Exploring COVID 'Long Haulers' from a Trauma-Informed Perspective #rwanda #RwOT

As we heard more and more news about COVID-19, I remember feeling both afraid and not-afraid of the virus. I felt almost fatalistic; it seemed like there wasn’t really anything any of us could do about it anyway, leading to a kind of immobility. You might get it, you might not. I’ve shared my body with rheumatoid arthritis (RA) for 28 years, over half my life; in my experience, the body would do what it was going to do.

I felt at once a weird certainty that I’d be fine and also, given my underlying health condition, fear that my immune system might collapse, or worse. Would I end up in an over-loaded hospital, unconscious, systems shutting down? And then I got the virus.

My symptoms were relatively mild, never enough to really knock me out. I got a little dose of most of the symptoms; the annoying part was they lasted for weeks, popping up repeatedly when I thought they were gone. I feel blessed to have escaped so lightly, given the relative severity of my RA, and I hope I don’t feel any effects in the future.

I began to hear more and more stories about people, most healthy and without underlying issues, who are struggling with long-term from COVID-19 symptoms; months and months of difficult and varied symptoms, including fatigue, neurological issues and breathing problems.

These people are fighting to get their stories out there, seeking acknowledgment that their problems are related to COVID-19, and facing the terrible possibility that this might now be a chronic way of life for them. They are calling themselves “long haulers.”

Research is showing that life-long stress, trauma and adverse life experiences can disrupt the immune, endocrine, vascular and metabolic systems in the body, leading to many medical conditions, including diabetes, heart disease, autoimmune disorders, neurological disorders, obesity, addiction and even cancer. These conditions are being referred to as stress-related diseases. Is it possible that long haulers were already set up for a stress-related disease due to historic trauma and stress, and COVID just happened to be the trigger?

The pandemic and quarantine was, and continues to be, shocking, scary and highly stressful. That shock, fear and stress will affect our bodies and minds in different ways, layered on top of what may already be historically present in our bodyminds. When you factor in all the systemic effects of the virus, it makes sense to me that you might get the next evolution of stress-related disease in everyone, not just in those who’ve had the virus.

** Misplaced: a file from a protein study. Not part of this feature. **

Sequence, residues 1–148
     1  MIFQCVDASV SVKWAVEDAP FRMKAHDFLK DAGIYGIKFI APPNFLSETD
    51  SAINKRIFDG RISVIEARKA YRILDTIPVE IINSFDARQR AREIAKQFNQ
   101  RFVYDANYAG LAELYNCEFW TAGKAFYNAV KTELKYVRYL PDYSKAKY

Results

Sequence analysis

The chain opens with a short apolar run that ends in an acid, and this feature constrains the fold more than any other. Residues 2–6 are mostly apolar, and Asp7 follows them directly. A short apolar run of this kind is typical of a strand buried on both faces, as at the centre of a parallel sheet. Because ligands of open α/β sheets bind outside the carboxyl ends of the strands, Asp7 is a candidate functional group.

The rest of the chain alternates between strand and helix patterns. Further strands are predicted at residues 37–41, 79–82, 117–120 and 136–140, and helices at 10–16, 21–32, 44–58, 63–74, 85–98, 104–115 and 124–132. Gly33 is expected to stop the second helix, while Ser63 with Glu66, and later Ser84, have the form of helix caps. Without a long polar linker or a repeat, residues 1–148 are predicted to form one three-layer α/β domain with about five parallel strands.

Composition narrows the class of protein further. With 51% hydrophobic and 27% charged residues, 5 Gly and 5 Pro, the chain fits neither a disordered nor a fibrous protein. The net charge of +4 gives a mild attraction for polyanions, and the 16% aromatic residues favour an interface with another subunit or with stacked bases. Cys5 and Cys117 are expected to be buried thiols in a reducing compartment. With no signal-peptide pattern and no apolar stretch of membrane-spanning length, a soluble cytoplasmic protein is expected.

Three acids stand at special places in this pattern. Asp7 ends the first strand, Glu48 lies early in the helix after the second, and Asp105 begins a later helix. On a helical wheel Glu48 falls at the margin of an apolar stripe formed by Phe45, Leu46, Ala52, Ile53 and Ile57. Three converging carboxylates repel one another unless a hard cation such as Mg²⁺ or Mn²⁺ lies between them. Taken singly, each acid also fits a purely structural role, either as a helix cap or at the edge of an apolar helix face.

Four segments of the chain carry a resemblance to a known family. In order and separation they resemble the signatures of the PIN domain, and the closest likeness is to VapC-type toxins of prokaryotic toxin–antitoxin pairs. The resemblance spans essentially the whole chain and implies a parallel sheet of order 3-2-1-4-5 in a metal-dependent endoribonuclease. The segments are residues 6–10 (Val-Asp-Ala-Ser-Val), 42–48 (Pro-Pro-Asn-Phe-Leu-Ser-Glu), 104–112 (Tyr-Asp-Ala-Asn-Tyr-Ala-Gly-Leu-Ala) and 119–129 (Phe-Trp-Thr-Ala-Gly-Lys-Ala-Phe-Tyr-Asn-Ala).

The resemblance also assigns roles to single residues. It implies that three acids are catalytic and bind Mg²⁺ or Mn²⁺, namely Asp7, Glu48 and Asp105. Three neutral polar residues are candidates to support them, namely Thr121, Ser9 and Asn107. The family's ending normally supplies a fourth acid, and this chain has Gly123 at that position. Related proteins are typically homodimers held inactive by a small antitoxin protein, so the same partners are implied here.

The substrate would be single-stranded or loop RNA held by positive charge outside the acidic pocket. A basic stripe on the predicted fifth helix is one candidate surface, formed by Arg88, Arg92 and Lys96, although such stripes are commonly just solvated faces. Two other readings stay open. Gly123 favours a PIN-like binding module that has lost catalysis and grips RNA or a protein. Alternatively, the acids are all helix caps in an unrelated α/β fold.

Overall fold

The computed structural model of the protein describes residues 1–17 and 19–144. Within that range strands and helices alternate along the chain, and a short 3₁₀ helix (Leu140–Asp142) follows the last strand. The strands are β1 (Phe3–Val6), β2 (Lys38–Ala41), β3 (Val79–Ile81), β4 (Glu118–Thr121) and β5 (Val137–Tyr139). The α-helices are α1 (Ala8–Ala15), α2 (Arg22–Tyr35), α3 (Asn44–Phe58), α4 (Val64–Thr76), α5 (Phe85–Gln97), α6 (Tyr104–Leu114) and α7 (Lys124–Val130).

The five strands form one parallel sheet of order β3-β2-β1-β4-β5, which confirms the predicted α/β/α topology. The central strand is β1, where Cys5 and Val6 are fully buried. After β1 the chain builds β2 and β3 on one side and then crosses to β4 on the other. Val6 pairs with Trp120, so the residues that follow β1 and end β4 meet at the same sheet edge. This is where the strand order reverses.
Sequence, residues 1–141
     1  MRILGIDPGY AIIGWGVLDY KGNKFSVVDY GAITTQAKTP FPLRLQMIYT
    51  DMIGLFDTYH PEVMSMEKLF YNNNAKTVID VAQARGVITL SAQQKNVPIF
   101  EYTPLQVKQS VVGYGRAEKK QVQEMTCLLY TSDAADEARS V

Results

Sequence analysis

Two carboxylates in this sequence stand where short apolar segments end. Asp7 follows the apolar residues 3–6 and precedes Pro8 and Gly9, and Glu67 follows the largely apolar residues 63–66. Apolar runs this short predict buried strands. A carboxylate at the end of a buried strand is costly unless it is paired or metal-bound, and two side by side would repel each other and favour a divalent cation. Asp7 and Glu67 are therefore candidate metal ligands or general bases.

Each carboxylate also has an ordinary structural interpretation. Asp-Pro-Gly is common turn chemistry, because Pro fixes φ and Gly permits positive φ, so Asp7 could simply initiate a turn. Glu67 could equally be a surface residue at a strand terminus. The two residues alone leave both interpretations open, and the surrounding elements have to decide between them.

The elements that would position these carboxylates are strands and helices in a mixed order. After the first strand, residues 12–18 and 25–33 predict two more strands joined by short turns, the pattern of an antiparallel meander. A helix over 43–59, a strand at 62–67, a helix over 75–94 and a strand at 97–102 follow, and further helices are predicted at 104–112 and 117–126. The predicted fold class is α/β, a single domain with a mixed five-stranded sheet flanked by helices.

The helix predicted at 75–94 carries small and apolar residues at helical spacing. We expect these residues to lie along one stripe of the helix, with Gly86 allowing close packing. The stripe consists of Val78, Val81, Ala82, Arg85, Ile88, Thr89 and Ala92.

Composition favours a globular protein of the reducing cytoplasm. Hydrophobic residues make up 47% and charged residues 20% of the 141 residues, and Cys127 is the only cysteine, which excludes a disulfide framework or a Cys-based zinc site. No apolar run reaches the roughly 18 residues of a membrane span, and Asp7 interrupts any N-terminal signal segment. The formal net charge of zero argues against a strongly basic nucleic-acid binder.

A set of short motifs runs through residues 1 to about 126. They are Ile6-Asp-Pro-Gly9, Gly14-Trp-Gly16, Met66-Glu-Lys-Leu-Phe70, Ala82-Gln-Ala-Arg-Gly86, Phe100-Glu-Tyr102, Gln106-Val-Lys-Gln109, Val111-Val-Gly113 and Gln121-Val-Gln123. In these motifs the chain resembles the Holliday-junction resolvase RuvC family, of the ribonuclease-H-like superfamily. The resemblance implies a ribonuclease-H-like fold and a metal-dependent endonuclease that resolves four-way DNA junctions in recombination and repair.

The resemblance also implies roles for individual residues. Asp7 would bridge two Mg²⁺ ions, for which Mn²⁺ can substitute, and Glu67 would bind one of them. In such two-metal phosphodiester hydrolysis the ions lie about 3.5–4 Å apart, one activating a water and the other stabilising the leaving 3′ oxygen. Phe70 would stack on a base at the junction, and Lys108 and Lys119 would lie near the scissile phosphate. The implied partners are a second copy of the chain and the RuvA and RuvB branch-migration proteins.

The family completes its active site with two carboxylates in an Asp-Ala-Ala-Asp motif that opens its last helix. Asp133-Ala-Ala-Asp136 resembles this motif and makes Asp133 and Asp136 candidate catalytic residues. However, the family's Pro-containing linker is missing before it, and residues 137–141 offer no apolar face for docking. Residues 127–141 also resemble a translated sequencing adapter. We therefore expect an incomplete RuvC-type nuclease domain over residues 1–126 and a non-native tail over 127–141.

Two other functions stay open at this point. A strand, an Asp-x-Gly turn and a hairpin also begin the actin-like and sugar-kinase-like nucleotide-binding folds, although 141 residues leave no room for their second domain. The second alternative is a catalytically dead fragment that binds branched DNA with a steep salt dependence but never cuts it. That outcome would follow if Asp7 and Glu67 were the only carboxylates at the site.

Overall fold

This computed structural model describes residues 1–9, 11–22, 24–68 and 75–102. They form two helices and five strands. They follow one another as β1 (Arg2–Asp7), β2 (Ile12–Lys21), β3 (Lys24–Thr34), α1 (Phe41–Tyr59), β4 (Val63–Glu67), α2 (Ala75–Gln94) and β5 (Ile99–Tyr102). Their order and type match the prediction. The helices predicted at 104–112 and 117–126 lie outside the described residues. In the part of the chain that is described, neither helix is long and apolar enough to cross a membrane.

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I definitely consider myself an RA long hauler. After years of indifferent success with Western medicine and medication, and struggling with chronic pain, tension, joint dysfunction, terrible fatigue and flare ups, I was still managing to live my life, but it wasn’t easy. At 30, I began a somatic therapeutic process with the Founder of SPRe® (Somatic Personal Resonance) Bodywork, Jill Ableson.

SPRe sees the body as an aggregate system — a person’s history in total, and not disparate or compartmentalized parts — body and mind connected. Pain, unnecessary tension or illness are signals from the body that something isn’t right, that the nervous system is under stress and may be struggling.

Together, Jill and I determined that the RA, although a real disease, was also a descriptor of aspects of my home of origin, manifested through my body; years of unrelentingly stress isolation, neglect, fear, confusion and rage endemic to my family of origin.

Approaching the RA as a real disease, but also finding the true connection between it and what happened to me, was empowering and allowed me to gain more of myself as well as a greater ease in my body and out in the world. It can still be difficult to convince medical professionals that many of the improvements I’ve seen are as a result of my somatic work, but the expansion of my life and body are proof to me.

I believe so strongly in the benefits of SPRe, that I became a practitioner myself, and I now work with clients who struggle with their own stress-related diseases and who struggle to connect their bodies with their minds — cognition with sensation. I am interested in the lives and backgrounds of these long haulers themselves, and why they — and not others — have developed these chronic symptoms. I suspect they might have stress and trauma in their pasts.

I believe strongly that the reason I only suffered mild symptoms, even with my compromised immune system, includes the medications I’m on, the healthy lifestyle I live, and — vitally — the work I’ve done to understand and ameliorate the effects of my past trauma on my nervous system.

It seems like the best way to help the long haulers now — and others in the future — would be by paying attention to epigenetic and stress-related disease research. In conjunction with Western medicine and medication, it will be approaches that include the body, the mind and past trauma that will have the best success. Let’s encourage trauma-informed approaches like SPRe, that seek to uncover and integrate historic stress and treat people holistically with an eye toward healing their bodymind connections and giving them back their lives.

A version of this article was originally published in Elephant Journal.


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